The Old Grey Hare (1944)

  |  Animation, Short, Comedy

The Old Grey Hare (1944) Poster

Elmer Fudd is taken far into the future (past 1990) and Bugs thinks back to when they first met as little babies.

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8 August 2000 | the red duchess
| Time regained.
Amazing, Proustian Bugs Bunny, shot through with a twisted pathos. The film opens with the melancholy sight of a bawling Elmer Fudd, exasperated, as many men become, at the repetitive futility of his life. His needs are simple, he just wants to kill one rabbit; get that, if I may carelessly mix my metaphors, bugbear out of the way, and he can get on with his life. This is the eternal dilemma of the human race, the hopeless pursuit of that one object, which, if fulfilled, would bring ultimate content. It is an anxiety that is properly metaphysical, and, sure enough, God intrudes to comfort a despairing Elmer.

God takes him to the future. The brilliant thing about this future is that it is this year, 2000. We can literally connect with an ancient cartoon! So the millenarians are right - Bugs will finally get his reckoning. Once the object of desire has been achieved, the world can only end - what else is there? Latterday Elmer is a wrinkly crone, wheezing and whinging rather sympathetically, as he fondles the Buck Rogers zapper that will finally do in his prey.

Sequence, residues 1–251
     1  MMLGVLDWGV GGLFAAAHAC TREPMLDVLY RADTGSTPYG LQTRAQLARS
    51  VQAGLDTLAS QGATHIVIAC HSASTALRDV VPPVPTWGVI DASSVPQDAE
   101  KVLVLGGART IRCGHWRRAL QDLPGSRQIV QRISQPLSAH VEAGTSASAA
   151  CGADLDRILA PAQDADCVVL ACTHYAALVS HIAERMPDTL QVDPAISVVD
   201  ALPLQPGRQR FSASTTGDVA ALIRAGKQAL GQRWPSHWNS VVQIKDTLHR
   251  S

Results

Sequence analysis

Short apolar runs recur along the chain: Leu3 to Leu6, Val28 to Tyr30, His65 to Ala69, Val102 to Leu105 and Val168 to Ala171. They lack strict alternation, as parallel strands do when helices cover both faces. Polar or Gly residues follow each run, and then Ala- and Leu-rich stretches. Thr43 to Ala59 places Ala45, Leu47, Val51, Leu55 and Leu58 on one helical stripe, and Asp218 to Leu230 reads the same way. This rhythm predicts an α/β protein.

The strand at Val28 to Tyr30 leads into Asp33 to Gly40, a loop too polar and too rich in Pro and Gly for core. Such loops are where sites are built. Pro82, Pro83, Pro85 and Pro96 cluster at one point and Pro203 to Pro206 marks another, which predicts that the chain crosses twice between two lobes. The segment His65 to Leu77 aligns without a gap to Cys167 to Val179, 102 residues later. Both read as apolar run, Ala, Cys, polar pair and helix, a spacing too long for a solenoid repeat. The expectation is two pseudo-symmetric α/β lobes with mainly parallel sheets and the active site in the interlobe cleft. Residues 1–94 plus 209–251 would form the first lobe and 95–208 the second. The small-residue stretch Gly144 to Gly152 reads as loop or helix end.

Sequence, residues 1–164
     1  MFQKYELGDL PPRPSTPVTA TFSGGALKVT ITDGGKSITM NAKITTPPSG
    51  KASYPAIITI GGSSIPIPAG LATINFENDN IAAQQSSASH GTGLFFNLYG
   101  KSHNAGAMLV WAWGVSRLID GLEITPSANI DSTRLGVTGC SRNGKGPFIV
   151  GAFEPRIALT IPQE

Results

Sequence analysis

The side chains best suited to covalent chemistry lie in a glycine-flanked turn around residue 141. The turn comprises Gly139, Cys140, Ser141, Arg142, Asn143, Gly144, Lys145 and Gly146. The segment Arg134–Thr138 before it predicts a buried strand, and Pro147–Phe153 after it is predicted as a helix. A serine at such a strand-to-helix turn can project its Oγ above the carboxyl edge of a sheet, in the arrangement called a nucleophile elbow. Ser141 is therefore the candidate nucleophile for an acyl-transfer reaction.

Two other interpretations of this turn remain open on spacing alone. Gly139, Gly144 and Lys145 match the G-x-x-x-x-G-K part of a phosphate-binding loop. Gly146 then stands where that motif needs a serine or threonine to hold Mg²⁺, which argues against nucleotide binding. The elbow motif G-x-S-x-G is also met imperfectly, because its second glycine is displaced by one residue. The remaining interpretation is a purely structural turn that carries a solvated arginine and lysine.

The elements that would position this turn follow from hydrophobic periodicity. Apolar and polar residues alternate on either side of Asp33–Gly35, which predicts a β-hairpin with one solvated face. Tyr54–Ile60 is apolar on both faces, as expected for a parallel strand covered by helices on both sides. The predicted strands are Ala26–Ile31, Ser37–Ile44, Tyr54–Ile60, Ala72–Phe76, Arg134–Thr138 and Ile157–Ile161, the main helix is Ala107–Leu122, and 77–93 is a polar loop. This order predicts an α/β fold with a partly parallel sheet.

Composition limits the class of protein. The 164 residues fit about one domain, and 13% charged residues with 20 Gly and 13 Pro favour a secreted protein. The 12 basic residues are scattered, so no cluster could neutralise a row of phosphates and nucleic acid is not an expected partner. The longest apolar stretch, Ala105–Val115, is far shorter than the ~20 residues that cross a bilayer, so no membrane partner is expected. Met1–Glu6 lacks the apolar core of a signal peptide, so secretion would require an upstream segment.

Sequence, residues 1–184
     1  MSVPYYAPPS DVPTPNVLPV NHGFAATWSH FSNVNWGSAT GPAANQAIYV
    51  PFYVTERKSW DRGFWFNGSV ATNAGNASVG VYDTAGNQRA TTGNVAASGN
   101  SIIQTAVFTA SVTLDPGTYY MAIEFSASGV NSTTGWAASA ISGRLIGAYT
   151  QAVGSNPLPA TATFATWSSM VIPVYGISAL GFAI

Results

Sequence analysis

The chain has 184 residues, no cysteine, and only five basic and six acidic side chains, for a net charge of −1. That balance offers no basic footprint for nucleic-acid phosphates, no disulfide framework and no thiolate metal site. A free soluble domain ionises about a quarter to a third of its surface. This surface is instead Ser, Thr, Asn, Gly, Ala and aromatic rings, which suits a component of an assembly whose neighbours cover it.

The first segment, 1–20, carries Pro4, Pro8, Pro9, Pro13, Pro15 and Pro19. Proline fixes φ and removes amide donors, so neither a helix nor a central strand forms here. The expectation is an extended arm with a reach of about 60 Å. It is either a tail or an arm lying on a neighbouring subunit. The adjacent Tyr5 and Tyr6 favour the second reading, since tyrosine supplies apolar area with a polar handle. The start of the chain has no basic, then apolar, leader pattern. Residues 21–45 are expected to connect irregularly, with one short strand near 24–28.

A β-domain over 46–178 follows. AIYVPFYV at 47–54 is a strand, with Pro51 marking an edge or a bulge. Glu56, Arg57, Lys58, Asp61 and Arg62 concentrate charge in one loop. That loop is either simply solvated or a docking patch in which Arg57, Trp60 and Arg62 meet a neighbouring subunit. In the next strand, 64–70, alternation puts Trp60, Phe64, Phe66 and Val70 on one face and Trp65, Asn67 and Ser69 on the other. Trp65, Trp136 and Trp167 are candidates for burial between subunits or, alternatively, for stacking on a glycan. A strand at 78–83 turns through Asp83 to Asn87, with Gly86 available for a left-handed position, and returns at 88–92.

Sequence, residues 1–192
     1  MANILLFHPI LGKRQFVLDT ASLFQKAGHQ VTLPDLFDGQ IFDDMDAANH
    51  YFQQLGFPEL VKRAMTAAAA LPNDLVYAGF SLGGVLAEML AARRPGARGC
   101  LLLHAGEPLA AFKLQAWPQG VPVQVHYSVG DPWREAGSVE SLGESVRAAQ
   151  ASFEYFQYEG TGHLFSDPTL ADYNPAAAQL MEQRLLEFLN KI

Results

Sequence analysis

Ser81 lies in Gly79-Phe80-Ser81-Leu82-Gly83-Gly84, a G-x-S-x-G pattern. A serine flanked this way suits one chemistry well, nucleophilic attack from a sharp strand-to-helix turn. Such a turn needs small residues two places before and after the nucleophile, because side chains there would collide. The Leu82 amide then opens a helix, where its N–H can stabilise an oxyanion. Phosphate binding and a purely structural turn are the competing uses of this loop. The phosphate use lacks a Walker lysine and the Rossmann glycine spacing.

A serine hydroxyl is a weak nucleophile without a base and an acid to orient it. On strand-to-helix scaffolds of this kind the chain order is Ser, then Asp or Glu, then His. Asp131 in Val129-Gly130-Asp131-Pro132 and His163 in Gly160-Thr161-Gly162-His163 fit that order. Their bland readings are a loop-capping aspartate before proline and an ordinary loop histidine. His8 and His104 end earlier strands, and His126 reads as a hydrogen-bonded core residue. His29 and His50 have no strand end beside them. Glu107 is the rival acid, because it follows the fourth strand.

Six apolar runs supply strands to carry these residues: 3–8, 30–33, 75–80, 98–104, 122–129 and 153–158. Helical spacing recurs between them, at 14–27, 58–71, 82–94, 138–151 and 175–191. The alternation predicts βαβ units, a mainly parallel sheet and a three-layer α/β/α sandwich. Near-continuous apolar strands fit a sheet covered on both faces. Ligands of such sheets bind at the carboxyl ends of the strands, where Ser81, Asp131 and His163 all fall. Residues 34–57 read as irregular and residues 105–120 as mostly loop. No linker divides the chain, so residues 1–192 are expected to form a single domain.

Bugs himself, of course, has aged too, and a Bugs without mental and physical agility is no Bugs at all. He can't even say 'What's up doc?' He tries the old moves, but is full of arthritic creaks and is easily nabbed. The law of all Looney Toons, from Roadrunner to Tweetie, is irrevocably destroyed, the elusive prey is felled, the forces of might are right.

The lachrymose outcome of this scenario floods the screen, as Elmer and Bugs tragically realise that they are both of the same entity, maybe even the same person - one can't live without the other. In a lovely sequence, Bugs harks back to their youth which initiated the endless circle of chasing and taunting, never quite reaching consummation.

This is a lovely short with an explosive, subversive twist. If director Clampett never reaches the artsitic wonder of Chuck Jones' 'Hair Raising Hare', he has excellent pacing, and his futurising the old Western landscapes is a hoot.

Critic Reviews


Release Date:

28 October 1944



Country of Origin


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